WESTERN Cape Finance MEC Alan Winde has described President Jacob Zuma’s launch of the Saldanha Bay industrial development zone (IDZ) last Thursday as a triumph of multiparty collaboration.
The new zone is one of 18 strategic integrated projects earmarked by the Presidential Infrastructure Coordinating Commission, as part of South Africa’s R4-trillion infrastructure development plan over the next 15 years. The designation of the deepwater port about 100km north of Cape Town as an IDZ has involved all three tiers of government.
Most pertinently, though, it has required high-level collaboration between the ruling party and the opposition Democratic Alliance.
Earlier this year, the Department of Trade and Industry identified 10 potential special economic zones (SEZs) countrywide, saying it would conduct feasibility studies to determine their viability. Among these was Saldanha Bay.
The country’s three existing IDZs — in Richards Bay, East London, and Coega outside Port Elizabeth — were due to fall under the special economic zones programme.
Mr Winde said on Monday the process had taken nearly five years from prefeasibility study through to Competition Commission go-ahead and a final round of public comment.
But with the Cabinet signing off at the end of last month, the road was now open for the port of Saldanha to become a major international maintenance hub for Africa’s booming oil and gas industries.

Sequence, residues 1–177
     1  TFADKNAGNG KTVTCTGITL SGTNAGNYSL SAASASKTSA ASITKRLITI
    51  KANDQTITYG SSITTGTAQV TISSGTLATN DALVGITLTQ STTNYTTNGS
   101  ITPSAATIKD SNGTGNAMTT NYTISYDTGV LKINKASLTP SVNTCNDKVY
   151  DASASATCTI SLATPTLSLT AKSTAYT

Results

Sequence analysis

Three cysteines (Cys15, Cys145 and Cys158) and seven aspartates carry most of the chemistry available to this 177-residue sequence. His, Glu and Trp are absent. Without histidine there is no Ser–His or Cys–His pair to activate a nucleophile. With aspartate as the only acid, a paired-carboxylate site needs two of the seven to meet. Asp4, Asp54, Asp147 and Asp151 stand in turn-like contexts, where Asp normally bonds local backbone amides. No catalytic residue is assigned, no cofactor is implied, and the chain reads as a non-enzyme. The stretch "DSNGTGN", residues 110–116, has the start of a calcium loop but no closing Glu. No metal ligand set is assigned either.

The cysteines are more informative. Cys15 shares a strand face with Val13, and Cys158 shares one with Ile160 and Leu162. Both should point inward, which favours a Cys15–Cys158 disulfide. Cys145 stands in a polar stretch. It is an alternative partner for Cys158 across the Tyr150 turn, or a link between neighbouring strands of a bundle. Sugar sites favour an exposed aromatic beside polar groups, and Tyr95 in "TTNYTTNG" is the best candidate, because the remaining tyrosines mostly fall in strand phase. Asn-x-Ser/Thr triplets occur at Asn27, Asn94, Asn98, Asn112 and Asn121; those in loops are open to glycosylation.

The Department of Trade and Industry said on Sunday that efforts by the national government to make the west coast economically viable would receive a boost when the president hands over the development zone’s operator permit.
Minister of Trade and Industry Rob Davies said besides lifting industrial development in Saldanha, which was now mainly an export hub for iron ore, his department’s “west coast fishing cluster” co-operatives initiative was part of the regional industrial development plan.
Domestic marine repair firms already conducting oil and gas rig maintenance in the Western Cape — both in Cape Town harbour and at Saldanha — would benefit from the building of “industrial capacity” and also the significant “international interest” that Mr Winde said has been shown in the port.
“So there will be more services available and this will begin to attract more businesses,” especially small and medium-sized enterprises.
But Mr Winde said apart from first-class infrastructure, the potential list of government incentives to be developed under the state’s new special economic zones legislation would not involve labour dispensations. “The government has been pretty strict on that. There won’t be a reprieve on labour legislation.”
Mr Davies said the Saldanha Bay IDZ would help to enhance national government initiatives that sought to create “viable economic regional participation”.
According to the study, the project had the potential to create about 12,000 direct, indirect and induced jobs in the area, while attracting about R9.3bn of foreign direct investment over 25 years.